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Painful lessons learnt, brighter days ahead

05-Sep-11

Toby Simpson - The National

It was around this time in 2008 that I was gazing out of my top storey office window at the bustling, vibrant streets and towers of Dubai below me. The majestic QE2 was anchored in the shining Arabian Gulf business was good and the whole country seemed to give off a sense of invincibility; an oasis of ever-lasting good times awash with opportunity.

Of course storm clouds were gathering in the West. The boom was turning to bust and the global media was doing its best to make light of just what was happening to the financial system. We all heard about it, but the general consensus was that we were somehow incubated in the GCC from the brunt of the global financial tsunami by the pedestal of petro dollars that formed the base of this “economic miracle”.

How wrong we were. The regional stock markets started to tumble around this time of the year, but it took a while before liquidity in the banks dried up, and with it the engine of Dubai’s growth; real estate The growth capital being injected into nascent industries in the region was rapidly withdrawn and people were losing their jobs everywhere with slim hope of a quick return to work. The confidence that was once a hallmark of UAE executives had disappeared overnight, and the wheels of this vibrant economy stopped turning.

Contrast this with today. The West is in a new round of debt crises, albeit a more protracted affair, and the Eastern bubble may be ready to burst with both China and India cooling spending whilst wrestling with soaring inflation. Earlier this month stock markets in Abu Dhabi and Dubai slumped to lows not seen since February while the Saudi market shed 5.6% in one day on the news of the US downgrade.

Yet according to a recent Yougov & Bayt.com survey 51% of UAE residents are bullish about the country’s economy for the year ahead, against only 13% of naysayers. A whopping 29% of people are confident enough to believe that they will splash out on a new vehicle over the next 12 months and 19% believe they will be buyers in the UAE’s much maligned property market.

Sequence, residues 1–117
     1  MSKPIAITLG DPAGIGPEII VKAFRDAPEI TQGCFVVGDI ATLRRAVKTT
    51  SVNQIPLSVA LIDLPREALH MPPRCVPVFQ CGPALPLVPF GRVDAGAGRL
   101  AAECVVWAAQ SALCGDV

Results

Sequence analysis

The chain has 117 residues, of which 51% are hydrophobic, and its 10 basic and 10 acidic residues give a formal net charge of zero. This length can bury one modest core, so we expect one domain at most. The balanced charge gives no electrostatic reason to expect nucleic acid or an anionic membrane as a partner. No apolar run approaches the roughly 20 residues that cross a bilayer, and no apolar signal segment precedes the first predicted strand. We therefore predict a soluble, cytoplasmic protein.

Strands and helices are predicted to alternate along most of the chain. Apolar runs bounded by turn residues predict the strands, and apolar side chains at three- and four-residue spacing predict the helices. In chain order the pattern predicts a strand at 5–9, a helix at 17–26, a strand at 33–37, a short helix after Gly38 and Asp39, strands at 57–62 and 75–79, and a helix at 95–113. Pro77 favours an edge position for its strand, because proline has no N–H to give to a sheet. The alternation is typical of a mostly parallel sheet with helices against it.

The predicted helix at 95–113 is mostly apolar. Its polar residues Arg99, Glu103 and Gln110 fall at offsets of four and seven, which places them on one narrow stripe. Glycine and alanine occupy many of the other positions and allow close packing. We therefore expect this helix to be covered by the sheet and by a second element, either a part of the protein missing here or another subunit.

So is this a case of lessons not learnt, or is there a rational case for optimism in the UAE for the year ahead despite recent tremors?

The case for optimism is a compelling one; if the primary engine for growth in 2008 was residential and corporate real estate funded by cheap credit, the engine for 2012 will be a different kind of construction; infrastructure. The advantage of this is that the massive funding will come from the more reliable coffers of oil rich GCC governments rather than the global markets. In fact Shuaa Capital expected public capital spending in the GCC to reach 10% of GDP in 2011 up from circa 6% in 2008 with the largest economy, Saudi Arabia, leading the way with an eye opening 18% of GDP versus 7% in 2008 with an impressive US$385bn committed to infrastructure over 5 years.

Roads, bridges, ports, railways and power stations across the region will be followed by schools, hospitals and housing, benefiting the UAE as the regional hub for a wide range of services, logistics and trade. The Emirates remains the most attractive and wealthy market in the GCC in terms of professional human capital, and therefore its’ competitiveness in terms of attracting jobs in the service sector is likely to remain.